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Aaron N. Tubbs

Dragon chaser.

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Alright, I’ve started chapter two. I’ll just keep editing this post with progress, if/when I make any.

Jolly Jumpers

10038 was very easy, accepted first try without any testing ahead of time. The solution is uninteresting.

Poker Hands

10315 is a terrible problem. I did it, but it took me two weeks because I kept procrastinating, because I wanted nothing more than to not work on this particular challenge. My solution is a bag of hell, and I hope never to look at this problem or another like it again. It bothers me because it’s a whole bunch of little stupid unrelated things you have to get right, not one of which is at all difficult or interesting. Yuck. What I don’t get is it’s a chapter about data structures, but I can’t figure out a good reason to leverage data structures on this problem. Maybe I’m missing something clever. Accepted on second submission.


10050 reminds me an awful lot of FizzBuzz. My solution wasn’t particularly classy, but it compiled the first time I tried and accepted on first submission. I used a fancy data structure called an array, so we’re still 0 for 3 on needing anything clever in this chapter.

Crypt Kicker

843 was an awesome problem. Not because it was anything special, but because it was the first problem that required the slightest amount of actual, well, thinking. There weren’t any real gotchas, just a matter of “think the problem through, and how you want to approach it.” I’m pleased with the speed of my solution, though there is room for improvement. At least conceptually, I used a stack, so at least I’ve finally found an excuse to travel beyond arrays. My submission worked fine the second time (had a stupid backtracking bug the first time). For some reason, I pass the UVA judge but fail the book’s judge. I don’t really care enough to go back and massage it into working for the book’s judge; but if I can find a breaker case in the future I’ll revise it.

Stack ’em Up

10205 was easy. I was hasty because I hated the problem from the start and wrote a stupid initial solution, and then stared at it forever because I was overconfident that I was doing the right thing. Hubris, it gets you every time. My final solution was accepted the first time I saved it, as I just started over from scratch without being stupid. All of that said, this problem is still trivial, and does not belong in this chapter. Put it back in the previous chapter with all the other multidimensional array problems, there is nothing interesting here.

Erdos Numbers

I hated 10044 in the face. It took me almost two weeks (not working constantly, but casually over several nights/weekends) to get this one. First off, there’s a parsing issue, which was what killed my first solution, which would only result in wrong answers, but I didn’t realize it at the time. See, there’s malformed input with only a surname and no front initials, and my parsing code was barfing on it. Otherwise that solution was fine, as a quick hack it together tree traversal thing. So, I decided to write a robust string splitter and adjacency matrix graph representation. And an adjacency list graph representation. APSP and SPSP implementations. Optimzations. Didn’t matter. No matter what, TLE on every submission.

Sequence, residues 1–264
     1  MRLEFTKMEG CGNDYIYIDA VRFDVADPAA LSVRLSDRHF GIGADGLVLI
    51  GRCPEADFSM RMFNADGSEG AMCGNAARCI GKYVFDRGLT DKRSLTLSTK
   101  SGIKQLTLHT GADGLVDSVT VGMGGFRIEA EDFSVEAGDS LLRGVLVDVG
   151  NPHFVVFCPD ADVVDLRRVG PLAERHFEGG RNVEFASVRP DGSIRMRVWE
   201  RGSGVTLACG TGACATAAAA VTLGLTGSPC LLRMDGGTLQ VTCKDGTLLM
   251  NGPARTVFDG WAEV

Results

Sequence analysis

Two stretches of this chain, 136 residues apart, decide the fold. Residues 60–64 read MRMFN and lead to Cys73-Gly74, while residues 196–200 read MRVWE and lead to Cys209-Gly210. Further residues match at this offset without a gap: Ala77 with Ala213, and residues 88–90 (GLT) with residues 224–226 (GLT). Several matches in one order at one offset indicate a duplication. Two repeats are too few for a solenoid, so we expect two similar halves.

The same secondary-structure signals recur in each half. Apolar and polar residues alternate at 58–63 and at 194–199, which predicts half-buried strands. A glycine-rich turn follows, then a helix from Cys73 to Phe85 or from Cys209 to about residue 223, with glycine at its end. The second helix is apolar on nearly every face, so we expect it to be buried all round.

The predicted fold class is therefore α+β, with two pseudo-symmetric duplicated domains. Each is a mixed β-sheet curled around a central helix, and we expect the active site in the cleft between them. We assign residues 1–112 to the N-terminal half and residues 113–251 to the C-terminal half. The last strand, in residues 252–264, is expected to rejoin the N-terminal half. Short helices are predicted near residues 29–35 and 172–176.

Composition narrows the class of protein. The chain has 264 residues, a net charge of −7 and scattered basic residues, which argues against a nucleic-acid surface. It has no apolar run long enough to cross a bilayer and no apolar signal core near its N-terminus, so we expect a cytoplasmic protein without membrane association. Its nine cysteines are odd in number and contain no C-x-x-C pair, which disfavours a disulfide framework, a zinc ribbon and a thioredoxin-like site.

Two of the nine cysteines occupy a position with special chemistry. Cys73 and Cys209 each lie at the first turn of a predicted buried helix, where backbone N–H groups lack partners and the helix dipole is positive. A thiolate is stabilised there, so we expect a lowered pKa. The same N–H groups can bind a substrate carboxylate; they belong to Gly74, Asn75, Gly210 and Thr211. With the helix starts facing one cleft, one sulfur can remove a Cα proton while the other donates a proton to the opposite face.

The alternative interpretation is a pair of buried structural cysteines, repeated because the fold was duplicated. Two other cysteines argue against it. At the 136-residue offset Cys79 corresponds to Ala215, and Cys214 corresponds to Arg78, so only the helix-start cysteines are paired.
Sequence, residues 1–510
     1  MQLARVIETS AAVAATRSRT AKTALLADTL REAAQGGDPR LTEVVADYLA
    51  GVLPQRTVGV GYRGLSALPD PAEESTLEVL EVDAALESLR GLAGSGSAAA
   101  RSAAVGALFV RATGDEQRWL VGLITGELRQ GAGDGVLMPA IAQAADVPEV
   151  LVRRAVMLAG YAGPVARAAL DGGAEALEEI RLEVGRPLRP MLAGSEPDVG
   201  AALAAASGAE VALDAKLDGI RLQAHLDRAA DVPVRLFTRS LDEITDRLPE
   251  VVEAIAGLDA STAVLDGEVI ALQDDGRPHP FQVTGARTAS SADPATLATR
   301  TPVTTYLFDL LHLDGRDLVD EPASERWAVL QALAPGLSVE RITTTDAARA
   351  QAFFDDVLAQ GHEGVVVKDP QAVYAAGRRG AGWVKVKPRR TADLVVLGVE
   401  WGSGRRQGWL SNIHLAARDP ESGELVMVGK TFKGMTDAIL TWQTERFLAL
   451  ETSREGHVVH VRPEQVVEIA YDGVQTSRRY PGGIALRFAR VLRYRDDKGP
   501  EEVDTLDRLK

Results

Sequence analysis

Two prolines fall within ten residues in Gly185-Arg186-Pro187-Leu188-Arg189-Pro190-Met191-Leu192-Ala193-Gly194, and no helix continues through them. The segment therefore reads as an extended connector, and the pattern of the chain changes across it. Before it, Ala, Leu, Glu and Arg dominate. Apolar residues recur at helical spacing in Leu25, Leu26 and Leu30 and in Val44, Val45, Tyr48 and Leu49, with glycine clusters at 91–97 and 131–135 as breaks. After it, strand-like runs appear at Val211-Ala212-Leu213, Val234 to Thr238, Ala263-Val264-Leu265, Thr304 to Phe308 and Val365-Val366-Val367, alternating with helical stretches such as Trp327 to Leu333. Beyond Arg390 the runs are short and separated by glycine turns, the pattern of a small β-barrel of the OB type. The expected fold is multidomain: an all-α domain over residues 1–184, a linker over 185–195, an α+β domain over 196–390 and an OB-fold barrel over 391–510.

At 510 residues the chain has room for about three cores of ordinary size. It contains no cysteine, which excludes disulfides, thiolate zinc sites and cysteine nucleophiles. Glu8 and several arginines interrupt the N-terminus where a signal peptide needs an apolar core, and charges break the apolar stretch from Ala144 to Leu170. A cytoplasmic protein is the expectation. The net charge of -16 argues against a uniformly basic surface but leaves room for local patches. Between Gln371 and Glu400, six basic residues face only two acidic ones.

I was stunned. Graph algorithms are about as fast as I can solve this problem, but I was still running into time bounds.

So, I tore out most of the code and started figuring out the input size through writing code that would generate a segmentation fault on purpose if certain conditions were exceeded.

And, sure enough, the problem input is massive. With my elegant implementation (elegant because it’s generic, portable, and still “fast”), I was spending nearly 1 of the 3 allowed seconds just processing input data. Yikes.

So I rewrote it as garbage code again, and that solution got an accepted. To keep parsing fast I pre-allocated a bunch of character buffers to dump input into, used a hash map for node lookup, and used a set to manage duplicate links.

But, I hate this problem because it has a nasty parsing issue, and because it discourages the creation of an elegant approach that is just as fast algorithmically but much slower on the input data. .46 seconds runtime. I have no idea how somebody writing Java could actually be expected to solve this sort of problem.

Contest Scoreboard

10258 was easy. So easy that it took four tries. Stupid sorting error the first time. And the second time. And the third time. Duh. Got it on the fourth. Hubris, Mr. Bond, hubrus. My solution is uninteresting.


10149 doesn’t make any sense to me in this chapter. I don’t think there is a P solution (well, it’s O(1) since we know the size of the problem space, right? right?), and the “hint” that maybe I can make some greedy optimizations doesn’t strike me as accurate in all cases. So I solved it using simulated annealing instead, and my solution completes in about 1.7 seconds on the judge. I was stuck for a little while because my original implementation produced nearly correct results, but took too long. Turns out my implementation of simulated annealing made a minor but fatal error, by always doing a state change in conjunction with best answer storage, when in fact they should be treated as independent decisions. Oops. After that, it was just tracking down a small premature (and incorrect, as always) optimization in my scoring routines, and turning the iterations down until I got a judge runtime under 3 seconds; I could probably tune further, but I start entering into the “I have no real confidence this will get the right answer consistently” zone.